Dogs are the most purest, beautiful, living beings filled with unconditional love. One can see it in their eyes, the way they're all over you as soon as you step inside the house; the way they wag their tail when they're happy; and the way they lie down on their backs waiting to be stroked. They ask for one thing and one thing only: love. You give them love and they will give you so much more in return.
According to the study, having the company of a pet dog make children less stressful as compared to the company of a parent or no company at all.
"Middle childhood is a time when children's social support figures are expanding beyond their parents, but their emotional and biological capacities to deal with stress are still maturing," said Darlene Kertes, Assistant Professor at the University of Florida, in the US.(Also read: 6 Types of Stress You Should Know About)
Image credit: IstockFurther, as per the reports, "children who actively solicited their dogs to come and be petted or stroked had lower levels of cortisol - a biological marker of the body's stress response - compared to children who engaged their dogs less," said Kertes. For the study, published in the journal Social Development, the team recruited approximately 100 pet-owning families and analysed children between the ages of 7 to 12 years.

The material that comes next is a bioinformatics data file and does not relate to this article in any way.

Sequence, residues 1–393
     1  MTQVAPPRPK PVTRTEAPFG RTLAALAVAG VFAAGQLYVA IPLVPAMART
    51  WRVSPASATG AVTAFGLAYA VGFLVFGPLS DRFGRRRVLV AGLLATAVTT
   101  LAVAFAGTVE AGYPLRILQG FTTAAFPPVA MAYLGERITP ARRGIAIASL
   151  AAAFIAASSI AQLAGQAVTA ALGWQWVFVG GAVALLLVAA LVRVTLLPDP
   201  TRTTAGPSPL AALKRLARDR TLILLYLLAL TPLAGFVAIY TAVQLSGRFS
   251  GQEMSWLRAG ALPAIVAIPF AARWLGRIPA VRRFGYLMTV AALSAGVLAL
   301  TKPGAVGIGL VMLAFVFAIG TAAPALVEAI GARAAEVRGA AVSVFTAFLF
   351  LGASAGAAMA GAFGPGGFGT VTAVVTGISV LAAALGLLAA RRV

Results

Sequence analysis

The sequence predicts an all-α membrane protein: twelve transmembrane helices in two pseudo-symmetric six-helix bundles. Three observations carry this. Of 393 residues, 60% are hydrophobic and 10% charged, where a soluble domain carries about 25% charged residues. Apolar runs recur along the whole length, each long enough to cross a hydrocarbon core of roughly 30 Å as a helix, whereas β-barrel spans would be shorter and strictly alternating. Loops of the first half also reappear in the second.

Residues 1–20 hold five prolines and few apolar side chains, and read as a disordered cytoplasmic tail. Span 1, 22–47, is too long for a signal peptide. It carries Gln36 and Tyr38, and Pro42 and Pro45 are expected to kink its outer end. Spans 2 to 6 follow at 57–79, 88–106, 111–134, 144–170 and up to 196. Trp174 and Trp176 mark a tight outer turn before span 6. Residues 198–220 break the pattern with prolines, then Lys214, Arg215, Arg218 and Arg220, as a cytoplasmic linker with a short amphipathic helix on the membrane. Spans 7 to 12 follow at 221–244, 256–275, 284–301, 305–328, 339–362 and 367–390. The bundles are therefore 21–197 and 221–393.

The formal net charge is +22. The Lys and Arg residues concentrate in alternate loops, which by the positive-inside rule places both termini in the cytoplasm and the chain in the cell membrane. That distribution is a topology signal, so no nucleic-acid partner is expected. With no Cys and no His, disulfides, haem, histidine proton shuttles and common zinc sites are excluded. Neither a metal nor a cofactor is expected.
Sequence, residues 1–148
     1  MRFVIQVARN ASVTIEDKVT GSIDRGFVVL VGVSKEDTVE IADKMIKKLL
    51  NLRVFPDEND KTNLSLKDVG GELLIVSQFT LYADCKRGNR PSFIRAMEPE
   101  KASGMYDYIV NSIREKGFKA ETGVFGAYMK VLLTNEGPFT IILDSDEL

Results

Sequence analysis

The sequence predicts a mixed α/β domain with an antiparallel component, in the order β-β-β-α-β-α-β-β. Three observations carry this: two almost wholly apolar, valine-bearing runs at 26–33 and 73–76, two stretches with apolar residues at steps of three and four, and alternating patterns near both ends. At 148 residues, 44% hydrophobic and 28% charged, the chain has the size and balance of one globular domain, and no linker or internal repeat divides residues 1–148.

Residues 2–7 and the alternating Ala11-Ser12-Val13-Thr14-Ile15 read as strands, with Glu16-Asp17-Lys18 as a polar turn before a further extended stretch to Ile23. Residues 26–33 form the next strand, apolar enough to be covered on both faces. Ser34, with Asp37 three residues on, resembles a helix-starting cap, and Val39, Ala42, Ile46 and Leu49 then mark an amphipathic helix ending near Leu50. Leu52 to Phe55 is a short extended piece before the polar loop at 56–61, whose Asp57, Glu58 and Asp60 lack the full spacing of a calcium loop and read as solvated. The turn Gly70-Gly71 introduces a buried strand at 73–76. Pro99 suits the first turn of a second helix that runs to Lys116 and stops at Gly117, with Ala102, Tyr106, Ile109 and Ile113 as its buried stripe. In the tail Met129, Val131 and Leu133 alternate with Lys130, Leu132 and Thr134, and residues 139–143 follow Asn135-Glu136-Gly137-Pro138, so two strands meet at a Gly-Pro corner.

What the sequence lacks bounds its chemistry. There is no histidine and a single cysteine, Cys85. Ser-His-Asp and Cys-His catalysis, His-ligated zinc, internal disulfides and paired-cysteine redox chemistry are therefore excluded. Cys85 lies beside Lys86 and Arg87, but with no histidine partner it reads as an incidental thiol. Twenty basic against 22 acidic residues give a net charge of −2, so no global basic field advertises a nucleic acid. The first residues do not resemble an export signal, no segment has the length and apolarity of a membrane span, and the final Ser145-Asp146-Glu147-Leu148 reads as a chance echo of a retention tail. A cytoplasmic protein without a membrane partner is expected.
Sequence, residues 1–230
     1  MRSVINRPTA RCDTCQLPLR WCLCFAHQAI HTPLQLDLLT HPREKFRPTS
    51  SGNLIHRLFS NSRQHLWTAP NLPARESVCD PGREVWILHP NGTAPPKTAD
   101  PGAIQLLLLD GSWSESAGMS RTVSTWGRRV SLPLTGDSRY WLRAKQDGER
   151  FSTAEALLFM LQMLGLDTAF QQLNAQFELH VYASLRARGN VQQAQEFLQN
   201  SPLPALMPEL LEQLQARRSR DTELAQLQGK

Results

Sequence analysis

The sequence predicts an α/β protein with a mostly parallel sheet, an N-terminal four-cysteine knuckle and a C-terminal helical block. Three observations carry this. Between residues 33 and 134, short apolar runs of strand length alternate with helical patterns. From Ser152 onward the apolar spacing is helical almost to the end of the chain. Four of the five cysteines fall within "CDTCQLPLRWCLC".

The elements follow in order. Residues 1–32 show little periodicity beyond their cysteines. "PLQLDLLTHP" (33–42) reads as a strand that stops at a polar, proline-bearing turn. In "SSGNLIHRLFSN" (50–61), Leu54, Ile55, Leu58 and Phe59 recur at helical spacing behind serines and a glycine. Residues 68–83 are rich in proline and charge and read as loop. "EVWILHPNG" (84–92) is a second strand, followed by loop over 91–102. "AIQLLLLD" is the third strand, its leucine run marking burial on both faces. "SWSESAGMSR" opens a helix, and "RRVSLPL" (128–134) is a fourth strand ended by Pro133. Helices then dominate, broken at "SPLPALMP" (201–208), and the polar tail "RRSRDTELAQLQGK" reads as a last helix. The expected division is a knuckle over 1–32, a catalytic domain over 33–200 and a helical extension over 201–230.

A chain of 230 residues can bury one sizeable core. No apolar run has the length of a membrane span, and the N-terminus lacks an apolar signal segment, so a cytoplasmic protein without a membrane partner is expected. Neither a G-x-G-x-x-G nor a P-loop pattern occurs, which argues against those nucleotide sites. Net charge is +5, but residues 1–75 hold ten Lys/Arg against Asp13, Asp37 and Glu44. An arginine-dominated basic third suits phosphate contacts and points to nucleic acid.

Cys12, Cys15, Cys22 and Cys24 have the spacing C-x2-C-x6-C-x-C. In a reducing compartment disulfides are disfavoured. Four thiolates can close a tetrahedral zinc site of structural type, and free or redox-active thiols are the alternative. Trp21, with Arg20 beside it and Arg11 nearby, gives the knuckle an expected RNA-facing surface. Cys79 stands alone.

Not only does the company of a dog make you relaxed when you're stressed, it's so much fun too, especially for kids. The partnership evolves overtime so beautifully and they become so well connected. Another advantage is that it makes the child a lot more physically active too, giving them a lot less time to dwell over things that could possibly bother them or stress them out.
Another study, published in the journal Animals showed that a family dog could help boost physical activity for kids with disabilities. In the study, the researchers found that the family dog led to a wide range of improvements for a 10-year-old boy with cerebral palsy - a congenital disorder of movement, muscle tone or posture - including physical activity as well as motor skills, quality of life and emotional, social and physical health.
"These initial findings indicate that we can improve the quality of life for children with disabilities, and we can get them to be more active," said Megan MacDonald, Assistant Professor at Oregon State University.Inputs from IANS